The story takes place in a small southern Florida town, just far enough away from a military base to make it safe from the nuclear blasts, but not big enough or aware enough to keep it from missing all of the hundreds of things that we've become accustomed to having and can be wiped out over-night.
As I listen, I'm wondering if much has changed in the 60 or so years since this story was dreamed up. Is the US prepared for an atomic blast in many of their large cities? Are citizens self-reliant enough to bear up to being without computers, television, radio, electricity and even water? Have we taught our children the basics of living a life without these luxuries? Can you start a fire? Can you rough it in a home without electricity or heat - for an extended time? Where will you get your water if the well doesn't pump? Would paper money have any worth? What if the bank closed down.
It is a bit of a study in times-gone-by, though. The language is rough (remember, this is the deep south in the 50s, so skin-color was a big thing) and the reliance on a "tele-type" for communication, and "Western Union offices" for telegrams was amusing. Things have certainly changed.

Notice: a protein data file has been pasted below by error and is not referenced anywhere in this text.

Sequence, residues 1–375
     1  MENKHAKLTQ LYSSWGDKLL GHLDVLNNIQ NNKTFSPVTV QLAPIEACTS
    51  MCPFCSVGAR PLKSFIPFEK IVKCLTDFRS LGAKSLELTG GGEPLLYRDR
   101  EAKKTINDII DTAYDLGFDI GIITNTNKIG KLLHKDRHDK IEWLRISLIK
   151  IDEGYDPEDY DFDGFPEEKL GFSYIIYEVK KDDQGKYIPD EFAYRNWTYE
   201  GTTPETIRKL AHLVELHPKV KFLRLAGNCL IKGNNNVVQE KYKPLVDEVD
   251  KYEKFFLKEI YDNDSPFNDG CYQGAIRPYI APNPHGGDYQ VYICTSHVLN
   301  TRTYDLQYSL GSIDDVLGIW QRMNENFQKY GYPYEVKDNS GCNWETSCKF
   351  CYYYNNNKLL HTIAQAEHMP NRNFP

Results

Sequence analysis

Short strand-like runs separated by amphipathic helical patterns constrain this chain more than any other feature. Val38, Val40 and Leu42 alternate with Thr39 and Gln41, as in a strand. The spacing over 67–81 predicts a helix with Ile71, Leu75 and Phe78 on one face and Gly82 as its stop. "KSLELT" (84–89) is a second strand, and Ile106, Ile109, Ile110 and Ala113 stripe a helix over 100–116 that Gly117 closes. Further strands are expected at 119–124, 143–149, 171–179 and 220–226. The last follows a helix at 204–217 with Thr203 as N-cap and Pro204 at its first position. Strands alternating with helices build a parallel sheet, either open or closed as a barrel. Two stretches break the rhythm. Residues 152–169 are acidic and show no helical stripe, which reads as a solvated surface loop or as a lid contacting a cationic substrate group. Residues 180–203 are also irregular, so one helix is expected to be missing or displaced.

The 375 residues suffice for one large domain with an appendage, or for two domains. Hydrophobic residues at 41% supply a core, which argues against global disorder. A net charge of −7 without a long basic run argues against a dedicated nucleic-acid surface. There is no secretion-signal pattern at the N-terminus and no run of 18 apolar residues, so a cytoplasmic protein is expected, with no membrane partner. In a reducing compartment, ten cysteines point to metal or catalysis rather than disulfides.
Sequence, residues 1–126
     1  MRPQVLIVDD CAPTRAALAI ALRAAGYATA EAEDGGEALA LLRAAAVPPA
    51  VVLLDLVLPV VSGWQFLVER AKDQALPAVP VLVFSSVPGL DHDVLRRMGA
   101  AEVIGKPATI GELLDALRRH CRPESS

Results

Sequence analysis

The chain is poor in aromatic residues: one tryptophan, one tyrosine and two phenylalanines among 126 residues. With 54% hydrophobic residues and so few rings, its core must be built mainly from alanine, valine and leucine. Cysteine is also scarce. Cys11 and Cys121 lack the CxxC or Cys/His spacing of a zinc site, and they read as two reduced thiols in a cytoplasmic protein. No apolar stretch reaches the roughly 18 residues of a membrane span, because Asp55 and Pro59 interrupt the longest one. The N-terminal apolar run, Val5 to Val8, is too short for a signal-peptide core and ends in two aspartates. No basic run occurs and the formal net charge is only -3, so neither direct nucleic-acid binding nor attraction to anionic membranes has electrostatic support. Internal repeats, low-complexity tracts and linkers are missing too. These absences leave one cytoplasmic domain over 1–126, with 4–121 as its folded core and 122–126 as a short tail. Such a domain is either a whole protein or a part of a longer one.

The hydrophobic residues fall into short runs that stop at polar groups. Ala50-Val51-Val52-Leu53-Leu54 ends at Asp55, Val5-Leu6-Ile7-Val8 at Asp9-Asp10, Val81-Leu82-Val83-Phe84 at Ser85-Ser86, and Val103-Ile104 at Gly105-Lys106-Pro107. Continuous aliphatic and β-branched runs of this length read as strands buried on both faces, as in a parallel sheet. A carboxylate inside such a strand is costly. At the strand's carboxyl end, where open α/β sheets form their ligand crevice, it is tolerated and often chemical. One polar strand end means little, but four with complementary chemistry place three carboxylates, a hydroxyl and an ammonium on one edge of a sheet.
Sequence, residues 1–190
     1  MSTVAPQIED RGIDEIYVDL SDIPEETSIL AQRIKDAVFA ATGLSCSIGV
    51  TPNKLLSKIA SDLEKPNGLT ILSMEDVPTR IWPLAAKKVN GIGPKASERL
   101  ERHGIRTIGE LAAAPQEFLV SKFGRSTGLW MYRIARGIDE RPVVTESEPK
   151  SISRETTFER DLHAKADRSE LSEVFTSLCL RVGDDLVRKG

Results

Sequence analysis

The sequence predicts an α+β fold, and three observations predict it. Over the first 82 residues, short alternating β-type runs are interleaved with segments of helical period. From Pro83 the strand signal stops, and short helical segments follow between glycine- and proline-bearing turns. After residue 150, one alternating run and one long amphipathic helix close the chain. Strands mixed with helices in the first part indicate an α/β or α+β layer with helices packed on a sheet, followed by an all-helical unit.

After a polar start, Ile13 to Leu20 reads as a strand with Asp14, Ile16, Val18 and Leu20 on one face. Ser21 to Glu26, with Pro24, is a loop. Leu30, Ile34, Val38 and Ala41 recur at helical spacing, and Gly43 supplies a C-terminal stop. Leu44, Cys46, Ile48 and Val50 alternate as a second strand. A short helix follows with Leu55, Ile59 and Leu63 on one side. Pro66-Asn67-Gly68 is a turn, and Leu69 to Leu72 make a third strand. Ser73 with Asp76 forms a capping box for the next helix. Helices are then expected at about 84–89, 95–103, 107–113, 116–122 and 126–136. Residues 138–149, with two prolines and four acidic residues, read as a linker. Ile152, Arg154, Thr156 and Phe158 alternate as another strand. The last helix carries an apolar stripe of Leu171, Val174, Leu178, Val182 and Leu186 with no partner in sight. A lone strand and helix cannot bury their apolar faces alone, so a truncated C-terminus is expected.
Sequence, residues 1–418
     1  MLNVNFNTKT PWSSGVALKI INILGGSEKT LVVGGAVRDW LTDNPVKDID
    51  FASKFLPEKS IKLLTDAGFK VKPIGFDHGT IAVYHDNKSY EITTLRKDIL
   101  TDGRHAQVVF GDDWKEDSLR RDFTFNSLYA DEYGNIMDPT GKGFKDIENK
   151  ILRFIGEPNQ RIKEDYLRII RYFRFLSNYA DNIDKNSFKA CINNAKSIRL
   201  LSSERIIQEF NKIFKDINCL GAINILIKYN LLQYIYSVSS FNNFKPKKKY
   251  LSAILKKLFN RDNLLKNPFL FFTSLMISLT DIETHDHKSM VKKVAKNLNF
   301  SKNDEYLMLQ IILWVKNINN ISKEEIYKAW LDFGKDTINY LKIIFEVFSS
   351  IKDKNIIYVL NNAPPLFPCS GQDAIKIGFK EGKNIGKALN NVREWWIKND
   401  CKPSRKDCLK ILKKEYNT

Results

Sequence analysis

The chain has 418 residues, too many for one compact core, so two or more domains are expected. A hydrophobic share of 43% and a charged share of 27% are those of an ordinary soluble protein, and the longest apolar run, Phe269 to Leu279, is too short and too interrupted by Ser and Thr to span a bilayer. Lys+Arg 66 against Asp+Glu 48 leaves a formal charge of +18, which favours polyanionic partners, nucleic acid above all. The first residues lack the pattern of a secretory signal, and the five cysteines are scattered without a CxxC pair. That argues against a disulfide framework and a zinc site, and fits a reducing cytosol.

I'm looking forward to the rest of the book. I'll let you know how it goes!
(Honestly, why hasn't this been made into a movie? These characters are so vivid, I can't believe they didn't do that. I wonder if it was because the Russians are the bad guys in this novel, and maybe we were trying to make "nice" with them. Who knows...)
From the book publisher:
This true modern masterpiece is built around the two fateful words that make up the title and herald the end - “Alas, Babylon.” When a nuclear holocaust ravages the United States, a thousand years of civilization are stripped away overnight, and tens of millions of people are killed instantly.
But for one small town in Florida, miraculously spared, the struggle is just beginning, as men and women of all backgrounds join together to confront the darkness. Will Patton's narration paints this classic tale as an ominous picture of the terrible possibilites of the nuclear age.